Saturday 14 February 2015


Just watching the BBC News Channel. They are leading with the terrorist attack on the free speech seminar in Copenhagen. 

Neither the BBC presenter nor the reporter (Rob Broomby) are speculating as to who might have carried out the attack. They are saying it's about "intimidation" and "intolerance" though.  

The BBC are being very clear about one thing though: that the likely target of the attack, Swedish cartoonist Lars Vilks, is controversial. The word "controversial" was used about him four times within the space of three minutes. 


  1. Another day, another terrorist attack by cartoon-haters.

    It's to be hoped that people who find Road Runner irritating won't attack Looney Tunes or Merrie Melodies. And if they do that they'll buy their dynamite from ACME.

    It would be good to see some of these cartoon-haters plunging down the Grand Canyon followed by an anvil.

  2. Yes, they are seriously p'ing me off with that use of "controversial". It's the wrong frame of reference.

    Call him a pro-free speech cartoonist, call him a libertarian cartoonist...but he's not controversial as far as I and I suspect the majaority of people in this country are concerned.

    Also, why call it a "blasphemy" seminar. It was a seminar about the limits of free speech.

  3. The implication of the BBC News item is that the "controversial cartoonist somehow brought it on himself. Never heard of Hogarth being described as "controversial". I suppose there would be some tautology involved in such a description for satire though in its modern usage of the word, as demonstrated by the BBC, its purpose is to dog whistle an alert for the PC appeasers. The BBC is going to explain why they are “controversial". In all these news approaches a particular narrative technique is used. The behaviour of the victims is explained and discussions are focused around that behaviour - what they did. This steps over into an implication that there is some binary here: should they or should they not publish. The attackers become flat characters to be explained but only in terms of social biography on the trope of disadvantage which makes them sociologically determined. Now, you then have a free reckless cartoonist and a behavioural automaton. The problem is that this sociological profile cannot explain because it is based on a sociological profile that millions share. So its purpose is to be in place of what does distinguish that attacker - what he says he is doing it for, his religion. The focus of the BBC facing attacks on freedom of expression should NEVER be a discussion of constitutional liberties, i.e., should they publish or not. The terrorist will consider it progress if the media discussion are on his ground which they were on the BBC: the free expressions. Risky as it is to say, I would suggest that this is a variation of (I think) Russell's point about have you stopped beating your mother. The discussion should always be on what we should do to stop the attackers, never the cartoons and those "controversial" cartoonist.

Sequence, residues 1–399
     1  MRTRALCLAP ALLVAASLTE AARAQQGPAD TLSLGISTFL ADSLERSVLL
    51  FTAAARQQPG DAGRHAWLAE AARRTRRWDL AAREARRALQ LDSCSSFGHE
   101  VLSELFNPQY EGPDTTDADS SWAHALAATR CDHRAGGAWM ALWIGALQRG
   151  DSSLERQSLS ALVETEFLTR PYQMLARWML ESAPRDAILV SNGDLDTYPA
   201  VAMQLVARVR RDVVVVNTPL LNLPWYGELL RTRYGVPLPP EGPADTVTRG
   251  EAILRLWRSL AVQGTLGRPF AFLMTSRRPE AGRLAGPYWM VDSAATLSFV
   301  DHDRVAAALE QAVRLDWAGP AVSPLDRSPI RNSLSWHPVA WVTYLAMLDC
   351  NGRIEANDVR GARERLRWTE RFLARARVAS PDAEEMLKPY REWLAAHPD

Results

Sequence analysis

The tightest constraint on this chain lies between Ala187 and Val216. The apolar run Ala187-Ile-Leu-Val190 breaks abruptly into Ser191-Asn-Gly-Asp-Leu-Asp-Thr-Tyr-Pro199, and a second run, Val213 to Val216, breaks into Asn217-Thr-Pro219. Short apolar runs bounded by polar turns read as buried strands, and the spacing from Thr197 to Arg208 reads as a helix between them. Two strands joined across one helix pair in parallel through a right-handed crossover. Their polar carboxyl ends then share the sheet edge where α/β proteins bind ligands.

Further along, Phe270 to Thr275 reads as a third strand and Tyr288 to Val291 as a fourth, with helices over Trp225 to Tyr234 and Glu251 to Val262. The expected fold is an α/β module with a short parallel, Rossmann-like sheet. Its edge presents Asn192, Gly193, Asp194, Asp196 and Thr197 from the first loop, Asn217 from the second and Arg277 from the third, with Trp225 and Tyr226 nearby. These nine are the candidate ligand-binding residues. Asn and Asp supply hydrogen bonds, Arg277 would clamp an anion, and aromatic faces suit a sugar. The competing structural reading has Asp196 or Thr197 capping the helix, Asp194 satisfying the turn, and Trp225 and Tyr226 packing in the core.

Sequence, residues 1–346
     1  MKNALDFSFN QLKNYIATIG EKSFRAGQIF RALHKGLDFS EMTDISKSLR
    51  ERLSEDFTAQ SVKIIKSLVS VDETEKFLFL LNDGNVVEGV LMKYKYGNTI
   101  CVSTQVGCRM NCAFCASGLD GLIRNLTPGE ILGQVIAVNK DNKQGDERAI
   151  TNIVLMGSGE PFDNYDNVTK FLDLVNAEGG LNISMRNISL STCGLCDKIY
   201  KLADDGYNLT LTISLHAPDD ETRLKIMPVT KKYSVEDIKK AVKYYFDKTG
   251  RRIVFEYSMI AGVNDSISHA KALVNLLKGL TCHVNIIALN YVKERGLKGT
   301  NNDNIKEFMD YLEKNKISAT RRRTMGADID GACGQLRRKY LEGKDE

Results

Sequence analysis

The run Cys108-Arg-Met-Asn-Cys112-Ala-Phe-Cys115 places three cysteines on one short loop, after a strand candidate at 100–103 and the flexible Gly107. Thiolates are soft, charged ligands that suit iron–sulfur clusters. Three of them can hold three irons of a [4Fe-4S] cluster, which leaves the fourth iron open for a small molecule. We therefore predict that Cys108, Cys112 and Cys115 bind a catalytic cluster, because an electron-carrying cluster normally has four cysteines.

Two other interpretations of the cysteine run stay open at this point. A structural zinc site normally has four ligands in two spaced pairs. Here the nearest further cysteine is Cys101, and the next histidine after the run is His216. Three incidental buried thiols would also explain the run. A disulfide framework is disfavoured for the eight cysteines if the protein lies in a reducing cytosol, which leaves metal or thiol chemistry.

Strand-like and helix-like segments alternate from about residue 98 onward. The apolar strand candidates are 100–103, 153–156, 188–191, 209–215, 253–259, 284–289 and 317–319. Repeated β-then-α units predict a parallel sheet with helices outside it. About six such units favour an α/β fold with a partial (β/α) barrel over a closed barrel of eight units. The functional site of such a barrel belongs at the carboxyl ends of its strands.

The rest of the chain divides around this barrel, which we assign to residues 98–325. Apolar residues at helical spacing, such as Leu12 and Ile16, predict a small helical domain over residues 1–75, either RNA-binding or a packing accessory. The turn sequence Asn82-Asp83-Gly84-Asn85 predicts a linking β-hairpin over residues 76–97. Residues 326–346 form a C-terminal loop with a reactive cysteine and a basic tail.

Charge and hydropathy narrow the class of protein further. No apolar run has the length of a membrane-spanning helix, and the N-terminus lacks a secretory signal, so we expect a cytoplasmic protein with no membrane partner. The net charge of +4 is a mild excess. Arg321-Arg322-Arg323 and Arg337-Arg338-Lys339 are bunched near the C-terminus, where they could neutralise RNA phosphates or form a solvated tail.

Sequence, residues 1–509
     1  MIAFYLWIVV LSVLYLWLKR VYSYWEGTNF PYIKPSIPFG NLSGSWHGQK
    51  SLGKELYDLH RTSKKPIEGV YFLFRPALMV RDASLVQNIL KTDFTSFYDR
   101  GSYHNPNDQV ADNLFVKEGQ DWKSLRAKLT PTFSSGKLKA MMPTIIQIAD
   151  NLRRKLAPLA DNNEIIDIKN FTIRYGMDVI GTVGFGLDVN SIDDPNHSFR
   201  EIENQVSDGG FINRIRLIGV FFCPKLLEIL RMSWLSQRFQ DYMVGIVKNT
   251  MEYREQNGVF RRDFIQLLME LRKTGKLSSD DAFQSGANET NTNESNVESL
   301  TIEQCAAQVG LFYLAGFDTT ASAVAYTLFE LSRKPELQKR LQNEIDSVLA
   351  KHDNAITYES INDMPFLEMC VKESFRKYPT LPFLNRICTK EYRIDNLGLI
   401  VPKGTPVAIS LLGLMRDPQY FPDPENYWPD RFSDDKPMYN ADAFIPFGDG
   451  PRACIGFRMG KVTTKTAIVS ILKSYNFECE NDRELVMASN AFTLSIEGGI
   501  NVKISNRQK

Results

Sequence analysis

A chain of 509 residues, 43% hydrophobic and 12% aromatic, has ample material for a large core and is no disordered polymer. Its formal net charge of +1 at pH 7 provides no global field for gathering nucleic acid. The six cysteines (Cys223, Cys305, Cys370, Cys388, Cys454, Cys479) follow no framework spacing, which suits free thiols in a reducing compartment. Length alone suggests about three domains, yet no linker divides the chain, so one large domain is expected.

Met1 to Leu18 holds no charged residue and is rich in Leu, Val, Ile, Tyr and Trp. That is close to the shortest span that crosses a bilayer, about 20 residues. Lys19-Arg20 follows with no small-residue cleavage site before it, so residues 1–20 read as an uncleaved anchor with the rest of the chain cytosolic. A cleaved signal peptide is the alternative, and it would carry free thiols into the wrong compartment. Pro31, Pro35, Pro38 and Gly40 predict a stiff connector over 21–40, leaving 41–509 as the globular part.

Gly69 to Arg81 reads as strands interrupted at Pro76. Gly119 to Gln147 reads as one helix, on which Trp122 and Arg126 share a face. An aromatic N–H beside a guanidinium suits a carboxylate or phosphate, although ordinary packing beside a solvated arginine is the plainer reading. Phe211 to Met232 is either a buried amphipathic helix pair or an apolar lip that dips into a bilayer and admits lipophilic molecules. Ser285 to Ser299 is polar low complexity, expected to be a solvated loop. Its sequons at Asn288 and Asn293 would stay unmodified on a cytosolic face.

4. I agree Laska.

    The discussion should also focus on what the Koran says about unbelievers .


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